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The Defeatist Inertia of Bipolar Disorder

I have a lot of ideas.  Some of them good ones.  I’ll get started down the path to developing one, maybe even turning it into a thriving business, and somewhere get derailed and left in a gully beside the path sure that some competing idea is better, or the original idea had some philosophical flaw making it of little positive benefit to the people I wished to serve.

I’m experiencing that right now.

I’m working on an organization with the goal of getting people with mental illness who are not working back into competitive employment and off of restrictive benefits.  I did it, and I have a pretty good plan to help others do the same.

The benefits of work are irrefutable and the independence a worker can move toward can heal much of the poor self-image that plagues so many with mental illness.  Few really want to be totally dependent, at least financially, on a system that only requires that they remain sick.  Most would rather be productive, and rewarded for it.

But then I start thinking.

What about the nature of work and how it may bring about or aggravate the very symptoms which make up an illness?  Anhedonia and the identification of specific mental illnesses are products of the industrial revolution.   Sure mental illness existed before mechanized labor, but the lack of self-sufficiency in the modern world led many to question the value and worth of all this stuff we’re producing, why we have to keep growing, and what we’ve lost in the name of vitality and individual agency along the way.

This reasoning is curious, coming from someone who respects capitalism and enjoys watching Bloomberg, but this morning it nags me as I consider that maybe those of us with mental illness have some insight into the soul-killing flaws many find in our present economic system.

Not only are we trapped in a system that values a certain level of conformity (depending on what we do and where we work), but we’re even in treatment in a system that only thrives if we stay ill, alienated, and unsuccessful.

The inertia sets in as I pretend to develop this great insight and I don’t follow up on my present plans.  I destroy any chance of reaching my dream of social enterprise, giving, coaching, and succeeding.  See, that’s how it goes all too often, and I fall back into failure.

Perhaps this failure is indicative of some great insight that should be played out, a la Foucault.  But I’ve read that and I didn’t subscribe to that.  I believe in self-determination through self-discipline, and I think, in a free market, all who strive can thrive.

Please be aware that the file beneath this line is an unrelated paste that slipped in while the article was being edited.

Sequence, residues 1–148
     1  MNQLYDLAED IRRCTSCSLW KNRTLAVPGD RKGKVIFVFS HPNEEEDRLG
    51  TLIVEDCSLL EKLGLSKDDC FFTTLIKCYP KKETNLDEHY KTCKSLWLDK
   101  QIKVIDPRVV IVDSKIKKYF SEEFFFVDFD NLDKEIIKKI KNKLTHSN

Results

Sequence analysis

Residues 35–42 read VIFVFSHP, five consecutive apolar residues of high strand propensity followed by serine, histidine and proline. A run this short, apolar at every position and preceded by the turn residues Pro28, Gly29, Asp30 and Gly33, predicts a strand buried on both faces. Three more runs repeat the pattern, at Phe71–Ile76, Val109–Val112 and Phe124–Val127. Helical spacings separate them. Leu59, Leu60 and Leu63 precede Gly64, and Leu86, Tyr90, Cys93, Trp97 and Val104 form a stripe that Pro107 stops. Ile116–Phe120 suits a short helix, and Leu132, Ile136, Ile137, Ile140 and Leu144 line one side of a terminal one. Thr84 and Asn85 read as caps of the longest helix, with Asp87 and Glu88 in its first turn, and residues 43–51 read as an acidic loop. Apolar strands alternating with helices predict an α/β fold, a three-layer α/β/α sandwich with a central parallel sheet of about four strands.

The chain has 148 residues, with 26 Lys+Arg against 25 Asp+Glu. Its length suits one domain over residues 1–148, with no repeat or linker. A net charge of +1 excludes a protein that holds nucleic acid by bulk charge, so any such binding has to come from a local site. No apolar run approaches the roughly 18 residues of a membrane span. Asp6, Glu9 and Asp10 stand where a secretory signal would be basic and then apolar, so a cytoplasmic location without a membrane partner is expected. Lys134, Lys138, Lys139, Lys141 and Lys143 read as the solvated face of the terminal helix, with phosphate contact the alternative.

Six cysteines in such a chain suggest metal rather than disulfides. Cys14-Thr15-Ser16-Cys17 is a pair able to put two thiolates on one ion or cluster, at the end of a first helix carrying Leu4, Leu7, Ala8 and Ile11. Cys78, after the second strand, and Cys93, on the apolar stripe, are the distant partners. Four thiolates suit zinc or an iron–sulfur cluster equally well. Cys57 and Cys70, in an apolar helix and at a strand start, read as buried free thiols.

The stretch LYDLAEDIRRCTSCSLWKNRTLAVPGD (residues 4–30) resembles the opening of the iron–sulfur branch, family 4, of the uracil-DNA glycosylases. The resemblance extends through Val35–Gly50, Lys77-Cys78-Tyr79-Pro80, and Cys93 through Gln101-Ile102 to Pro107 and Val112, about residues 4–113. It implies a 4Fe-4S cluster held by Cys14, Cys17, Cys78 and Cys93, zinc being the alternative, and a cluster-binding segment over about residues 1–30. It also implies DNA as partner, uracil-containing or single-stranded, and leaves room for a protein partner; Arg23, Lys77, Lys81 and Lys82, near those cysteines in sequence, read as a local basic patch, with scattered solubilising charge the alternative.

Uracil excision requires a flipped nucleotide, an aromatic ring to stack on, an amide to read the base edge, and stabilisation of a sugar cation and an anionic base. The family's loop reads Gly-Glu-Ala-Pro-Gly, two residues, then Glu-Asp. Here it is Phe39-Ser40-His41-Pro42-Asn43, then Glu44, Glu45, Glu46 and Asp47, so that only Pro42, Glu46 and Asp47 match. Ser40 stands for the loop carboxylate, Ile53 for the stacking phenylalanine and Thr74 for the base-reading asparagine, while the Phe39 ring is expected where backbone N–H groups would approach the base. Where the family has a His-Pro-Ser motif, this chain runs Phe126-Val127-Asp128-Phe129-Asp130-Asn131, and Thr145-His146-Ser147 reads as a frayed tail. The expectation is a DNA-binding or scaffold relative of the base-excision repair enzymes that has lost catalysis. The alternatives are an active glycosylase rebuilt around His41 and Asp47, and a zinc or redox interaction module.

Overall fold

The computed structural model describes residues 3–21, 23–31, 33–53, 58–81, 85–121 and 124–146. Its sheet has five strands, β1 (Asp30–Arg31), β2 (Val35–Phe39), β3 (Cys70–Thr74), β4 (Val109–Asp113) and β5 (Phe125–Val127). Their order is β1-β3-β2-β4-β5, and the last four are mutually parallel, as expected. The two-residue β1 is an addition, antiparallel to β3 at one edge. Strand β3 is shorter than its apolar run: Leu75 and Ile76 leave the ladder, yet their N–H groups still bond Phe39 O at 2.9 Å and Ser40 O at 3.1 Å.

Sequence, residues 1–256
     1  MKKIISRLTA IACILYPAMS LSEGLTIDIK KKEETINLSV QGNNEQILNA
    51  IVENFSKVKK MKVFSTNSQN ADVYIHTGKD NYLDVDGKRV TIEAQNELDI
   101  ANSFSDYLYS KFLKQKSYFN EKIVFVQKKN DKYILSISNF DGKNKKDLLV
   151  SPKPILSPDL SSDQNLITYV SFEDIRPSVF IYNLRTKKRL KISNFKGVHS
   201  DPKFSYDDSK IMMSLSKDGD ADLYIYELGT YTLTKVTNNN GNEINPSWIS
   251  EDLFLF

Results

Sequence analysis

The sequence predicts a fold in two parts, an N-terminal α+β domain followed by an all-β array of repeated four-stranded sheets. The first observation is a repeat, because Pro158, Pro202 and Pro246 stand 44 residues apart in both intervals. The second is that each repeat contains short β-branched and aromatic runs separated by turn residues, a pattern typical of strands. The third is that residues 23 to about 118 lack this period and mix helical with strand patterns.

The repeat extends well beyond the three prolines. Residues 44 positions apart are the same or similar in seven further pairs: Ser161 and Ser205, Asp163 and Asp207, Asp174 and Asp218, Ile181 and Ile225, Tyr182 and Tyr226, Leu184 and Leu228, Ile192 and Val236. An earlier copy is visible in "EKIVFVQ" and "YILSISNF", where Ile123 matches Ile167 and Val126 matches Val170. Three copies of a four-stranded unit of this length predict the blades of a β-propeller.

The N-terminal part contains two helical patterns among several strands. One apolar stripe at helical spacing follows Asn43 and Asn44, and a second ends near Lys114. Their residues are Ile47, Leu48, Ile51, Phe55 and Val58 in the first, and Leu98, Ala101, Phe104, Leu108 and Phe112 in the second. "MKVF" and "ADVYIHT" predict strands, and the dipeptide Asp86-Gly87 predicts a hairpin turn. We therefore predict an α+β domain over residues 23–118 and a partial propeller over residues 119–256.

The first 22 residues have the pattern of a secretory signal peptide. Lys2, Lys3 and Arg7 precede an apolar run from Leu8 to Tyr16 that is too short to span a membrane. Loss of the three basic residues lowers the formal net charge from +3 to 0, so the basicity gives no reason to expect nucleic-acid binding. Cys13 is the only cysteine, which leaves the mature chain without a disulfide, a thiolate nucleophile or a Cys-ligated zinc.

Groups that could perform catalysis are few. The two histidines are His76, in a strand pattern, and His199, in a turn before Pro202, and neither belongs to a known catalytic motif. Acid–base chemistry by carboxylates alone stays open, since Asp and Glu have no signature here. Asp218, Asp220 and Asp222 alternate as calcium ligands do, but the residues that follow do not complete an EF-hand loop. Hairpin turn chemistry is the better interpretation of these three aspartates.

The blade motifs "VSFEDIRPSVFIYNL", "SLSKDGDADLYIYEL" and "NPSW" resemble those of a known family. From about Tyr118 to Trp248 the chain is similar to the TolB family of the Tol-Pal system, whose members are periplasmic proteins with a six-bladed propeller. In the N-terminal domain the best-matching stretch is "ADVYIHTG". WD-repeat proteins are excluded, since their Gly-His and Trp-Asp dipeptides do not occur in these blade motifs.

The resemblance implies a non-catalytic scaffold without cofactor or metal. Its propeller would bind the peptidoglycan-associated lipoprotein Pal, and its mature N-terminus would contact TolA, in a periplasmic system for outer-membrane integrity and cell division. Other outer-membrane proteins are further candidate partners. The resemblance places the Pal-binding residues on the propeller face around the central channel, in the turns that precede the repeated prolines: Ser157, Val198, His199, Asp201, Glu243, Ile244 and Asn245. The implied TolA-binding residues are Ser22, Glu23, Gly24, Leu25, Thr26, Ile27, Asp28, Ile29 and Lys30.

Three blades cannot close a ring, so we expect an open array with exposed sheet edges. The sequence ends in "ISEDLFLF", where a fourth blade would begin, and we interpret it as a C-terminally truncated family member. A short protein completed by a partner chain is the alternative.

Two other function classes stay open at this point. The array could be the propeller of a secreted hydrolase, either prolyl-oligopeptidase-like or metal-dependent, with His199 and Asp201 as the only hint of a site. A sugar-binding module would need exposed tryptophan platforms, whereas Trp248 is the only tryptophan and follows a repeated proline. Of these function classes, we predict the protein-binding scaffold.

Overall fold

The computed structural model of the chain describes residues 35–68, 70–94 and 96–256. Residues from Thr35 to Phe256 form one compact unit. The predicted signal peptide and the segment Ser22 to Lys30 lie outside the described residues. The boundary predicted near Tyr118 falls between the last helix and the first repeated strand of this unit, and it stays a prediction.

Mental illness poses unique and sometimes seemingly insurmountable challenges, but there are countless examples of people who have overcome it and lead productive, significant lives.

Perhaps most important, I have a wife and a daughter who need me to be consistent, bills that have to be paid, and health that must be maintained.  Deep thought, contradictory ideas, and always questioning assumptions can be great sources of inspiration, but it can all lead to inertia that flattens the joy in the simple pleasures of a life well-lived.

And inertia can turn certain success into sure failure.

So I set aside time for contemplation and allow my thoughts to wander as I meditate.  But usually I notice they are false and unrelated to the challenges I truly face.  These thoughts can provide insight, so I allow for them.  But they can also lead to great doubt, insecurity, and anxiety.

Or I discover grandiosity that can yield inspiration or the same negative effects.  Practice helps me sort it all out and stay on the path that has proven successful.  Yes, there’s benefit in taking some time to question the things one is most sure of.  That’s how we reinforce or hone our ideas.  But the greater, more challenging practice is doing the work that moves one forward.  Inspiration, perspiration, and all that stuff.

There’s a joy in the simple, and great pleasure in meaningful work.  Success takes many forms, but usually comes from consistently practicing something.

Greatness is the successive application of small efforts.  Inertia and failure are easy traps to fall into, but the work it takes to defeat them is a reward in itself.  And liberty, freedom, and influence cannot be achieved without work.

The Defeatist Inertia of Bipolar Disorder

George Hofmann

After much of a life spent in and out of hospitals, jobs, and relationships, George has spent the last dozen years living successfully with bipolar disorder 1. He teaches meditation as an adjunct therapy for mental illness, and writes and speaks about the therapies of meditation, movement, and meaningful work. Visit George at or join the Facebook group Practicing Mental Illness

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APA Reference
Hofmann, G. (2019). The Defeatist Inertia of Bipolar Disorder. Psych Central. Retrieved on February 21, 2020, from


Last updated: 12 Jun 2019
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